Homemade Digeridoo

Homemade Digeridoo

Posted 2015-05-31 by Erin Jadefollow
The grace and mystique of Japan has fascinated foreigners for centuries. Traditional Japanese fashion, art and architecture possesses a sense of beauty and harmony that is truly unique, and these little dolls are a perfect introduction to Japanese costume and culture for even the youngest children.


Made from recycled cardboard tubes and other simple craft materials, this activity is easy and inexpensive.

Time: 1 - 2 hours
Age: 5-10's, Over 10's
Level: Easy



  • Cardboard tubes from paper towels or other household products

  • Masking tape

  • Acrylic paints in various colours – if you have any in metallic gold or pearl sheen, these are ideal as embellishments.

  • Felt tipped pens in various colours

  • Clear sticky tape

  • Craft glue

  • Craft paper - pretty craft paper or old gift wrap is great, but if this isn’t available, plain coloured paper can also look wonderful, as this can be decorated.

  • A small amount of black cardboard or paper for the doll’s hair bun

  • Glitter glue or glitter

  • Optional: - washi tape, glittery craft stickers, origami paper, artificial flowers, adhesive craft jewels

  • Method
  • Stick masking tape over the top of a cardboard paper towel tube until it’s completely covered.

  • [Image3]

  • Mixing white acrylic paint with a tiny amount of red, create a very pale skin tone for your Japanese doll. After taking a cardboard tube, paint the top third with this colour. This will be your doll’s face.

  • [Image4]

  • Paint the rest of the tube in another colour. This will be your doll’s kimino. Both bright and pastel colours look lovely for this activity. If you have any metallic paint, this can also look very striking. Be sure to paint a traditional ‘V’ shape for the kimino’s neck-line.

  • [Image5]

  • Using either black paint or a felt-tipped pen, draw a face onto your doll.

  • Using black acrylic paint, you can now paint hair onto the dolls. Cover the top (the part where the masking tape was stuck), the back and partly around the sides.

  • [Image6]

  • Draw a circle on some bright-coloured paper in a contrasting colour to your doll’s kimino. We used some scraps of pretty craft paper, but plain-coloured paper can look just as good. Our circle was approximately 14cm in diameter. Cut this out with child-friendly scissors.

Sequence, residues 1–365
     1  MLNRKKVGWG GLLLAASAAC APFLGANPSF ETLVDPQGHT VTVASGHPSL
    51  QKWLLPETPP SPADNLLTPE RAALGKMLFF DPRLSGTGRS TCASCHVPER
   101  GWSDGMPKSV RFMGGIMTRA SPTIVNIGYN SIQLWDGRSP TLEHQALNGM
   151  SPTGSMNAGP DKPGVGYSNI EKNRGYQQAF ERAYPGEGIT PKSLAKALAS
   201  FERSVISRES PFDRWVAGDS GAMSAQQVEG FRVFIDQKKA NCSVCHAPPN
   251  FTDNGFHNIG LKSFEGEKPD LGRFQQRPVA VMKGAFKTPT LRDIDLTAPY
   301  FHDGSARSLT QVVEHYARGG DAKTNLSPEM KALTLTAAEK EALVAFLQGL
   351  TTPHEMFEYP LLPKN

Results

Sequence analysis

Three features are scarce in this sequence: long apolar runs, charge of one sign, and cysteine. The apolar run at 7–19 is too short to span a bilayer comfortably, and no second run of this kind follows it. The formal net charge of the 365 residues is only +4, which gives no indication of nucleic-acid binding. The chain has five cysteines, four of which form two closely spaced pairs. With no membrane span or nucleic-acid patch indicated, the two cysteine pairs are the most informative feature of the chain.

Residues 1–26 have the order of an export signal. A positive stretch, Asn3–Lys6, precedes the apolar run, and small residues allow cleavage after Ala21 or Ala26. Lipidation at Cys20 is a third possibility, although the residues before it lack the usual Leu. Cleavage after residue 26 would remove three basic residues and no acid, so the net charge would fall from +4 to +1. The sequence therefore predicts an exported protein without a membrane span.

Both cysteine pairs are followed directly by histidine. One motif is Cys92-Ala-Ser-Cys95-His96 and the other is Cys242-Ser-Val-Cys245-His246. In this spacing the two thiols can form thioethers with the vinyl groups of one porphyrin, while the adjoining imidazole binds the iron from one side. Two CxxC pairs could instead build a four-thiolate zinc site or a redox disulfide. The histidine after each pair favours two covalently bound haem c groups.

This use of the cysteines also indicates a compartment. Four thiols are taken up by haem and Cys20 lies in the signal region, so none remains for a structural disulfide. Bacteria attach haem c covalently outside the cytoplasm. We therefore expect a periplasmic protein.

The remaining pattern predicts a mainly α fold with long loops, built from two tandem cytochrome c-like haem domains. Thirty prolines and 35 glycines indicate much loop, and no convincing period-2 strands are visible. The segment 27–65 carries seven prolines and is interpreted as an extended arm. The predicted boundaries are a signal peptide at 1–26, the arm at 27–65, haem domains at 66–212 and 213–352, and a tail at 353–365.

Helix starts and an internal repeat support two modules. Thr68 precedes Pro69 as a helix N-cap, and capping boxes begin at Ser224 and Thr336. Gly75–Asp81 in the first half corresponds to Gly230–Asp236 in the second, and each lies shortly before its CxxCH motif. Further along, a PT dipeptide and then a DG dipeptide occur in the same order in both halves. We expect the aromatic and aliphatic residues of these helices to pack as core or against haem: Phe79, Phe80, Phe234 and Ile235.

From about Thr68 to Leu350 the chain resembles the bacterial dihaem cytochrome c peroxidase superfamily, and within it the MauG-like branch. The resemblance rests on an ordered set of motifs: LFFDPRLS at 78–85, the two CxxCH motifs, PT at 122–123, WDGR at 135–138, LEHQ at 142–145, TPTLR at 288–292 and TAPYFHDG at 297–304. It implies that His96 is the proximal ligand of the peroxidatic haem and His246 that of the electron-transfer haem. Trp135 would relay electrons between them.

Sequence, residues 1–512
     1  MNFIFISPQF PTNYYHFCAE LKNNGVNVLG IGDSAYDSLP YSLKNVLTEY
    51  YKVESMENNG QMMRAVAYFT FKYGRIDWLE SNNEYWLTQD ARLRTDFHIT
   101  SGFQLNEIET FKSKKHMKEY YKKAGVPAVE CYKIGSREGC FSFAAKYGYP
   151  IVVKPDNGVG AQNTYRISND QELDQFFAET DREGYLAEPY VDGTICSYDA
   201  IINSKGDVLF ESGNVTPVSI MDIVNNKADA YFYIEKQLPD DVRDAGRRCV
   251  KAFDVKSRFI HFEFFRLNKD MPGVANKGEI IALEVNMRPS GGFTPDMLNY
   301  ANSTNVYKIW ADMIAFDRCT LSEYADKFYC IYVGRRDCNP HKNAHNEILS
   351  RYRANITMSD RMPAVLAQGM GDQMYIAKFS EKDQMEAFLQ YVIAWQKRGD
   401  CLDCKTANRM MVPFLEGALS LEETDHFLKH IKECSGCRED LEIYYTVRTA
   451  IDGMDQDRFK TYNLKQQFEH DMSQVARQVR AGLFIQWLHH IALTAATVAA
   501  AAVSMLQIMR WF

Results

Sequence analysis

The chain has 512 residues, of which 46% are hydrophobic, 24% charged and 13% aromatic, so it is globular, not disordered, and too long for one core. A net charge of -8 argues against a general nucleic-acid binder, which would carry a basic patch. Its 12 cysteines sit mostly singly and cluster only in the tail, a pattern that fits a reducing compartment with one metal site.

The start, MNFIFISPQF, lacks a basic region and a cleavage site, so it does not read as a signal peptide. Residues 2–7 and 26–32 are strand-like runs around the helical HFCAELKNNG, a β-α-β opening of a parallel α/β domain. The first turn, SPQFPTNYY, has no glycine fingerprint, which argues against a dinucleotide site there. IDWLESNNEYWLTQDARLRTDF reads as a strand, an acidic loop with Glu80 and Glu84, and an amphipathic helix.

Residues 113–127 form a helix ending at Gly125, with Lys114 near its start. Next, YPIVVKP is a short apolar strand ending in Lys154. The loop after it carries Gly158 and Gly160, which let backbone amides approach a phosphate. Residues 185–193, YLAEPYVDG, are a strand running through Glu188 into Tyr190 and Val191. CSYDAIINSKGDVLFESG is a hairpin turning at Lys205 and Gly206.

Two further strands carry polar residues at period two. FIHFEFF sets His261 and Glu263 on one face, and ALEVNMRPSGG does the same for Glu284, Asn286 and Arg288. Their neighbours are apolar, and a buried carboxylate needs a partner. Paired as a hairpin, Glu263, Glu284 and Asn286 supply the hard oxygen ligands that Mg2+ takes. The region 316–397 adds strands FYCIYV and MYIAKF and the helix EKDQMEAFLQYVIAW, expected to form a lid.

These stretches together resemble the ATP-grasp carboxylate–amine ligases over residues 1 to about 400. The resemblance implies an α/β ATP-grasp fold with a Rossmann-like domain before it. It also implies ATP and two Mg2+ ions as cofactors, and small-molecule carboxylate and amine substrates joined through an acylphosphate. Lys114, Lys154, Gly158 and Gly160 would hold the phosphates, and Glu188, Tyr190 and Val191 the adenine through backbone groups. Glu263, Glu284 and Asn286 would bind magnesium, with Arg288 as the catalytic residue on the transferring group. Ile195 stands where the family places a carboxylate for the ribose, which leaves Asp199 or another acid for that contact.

• [Image7]

  • Fold the circle in half, and cut along the fold. This can then be curled to create a small cone shape. Stick this together using tape, or staple it together.

  • [Image8]

  • Using craft glue or sticky tape, attach these small cones to the sides of your doll, as shown in the photo below.

  • [Image9]

  • Cut some small pieces of paper as your doll’s arms, and glue or tape them into place inside the cones.

  • [Image10]

  • Cut a wide piece of paper in a contrasting colour for the kimino’s belt, and glue this into place around her tummy. The paper we used was about 5cm wide by 3.5cm high.

  • [Image11]

  • Cut a small piece of black cardboard or paper, about 6cm long and 2cm wide. Curl this as shown in the photo, and attach it together with sticky tape or staples. This can then be taped to the top of the doll’s head with more sticky-tape, to create her elaborate hair-style.

  • [Image12]

  • Your doll is now almost complete. All you need to do now is to add the final decorative touches with paint, glitter, glitter glue, washi tape, craft jewels or anything else you may have on hand. Since traditional Japanese hairstyles are very fancy, we decorated our dolls’ hair with curled ribbon, gold cardboard, stickers, craft jewels and lots of glitter glue. We also painted designs onto her kimino and added some other bits and pieces to create a more authentic effect.

  • [Image13]


    #Japanese doll
    #Cardboard tube
    #Toilet paper roll
    #Birthday Party
    #Educational play

    239099 - 2023-07-18 04:23:23


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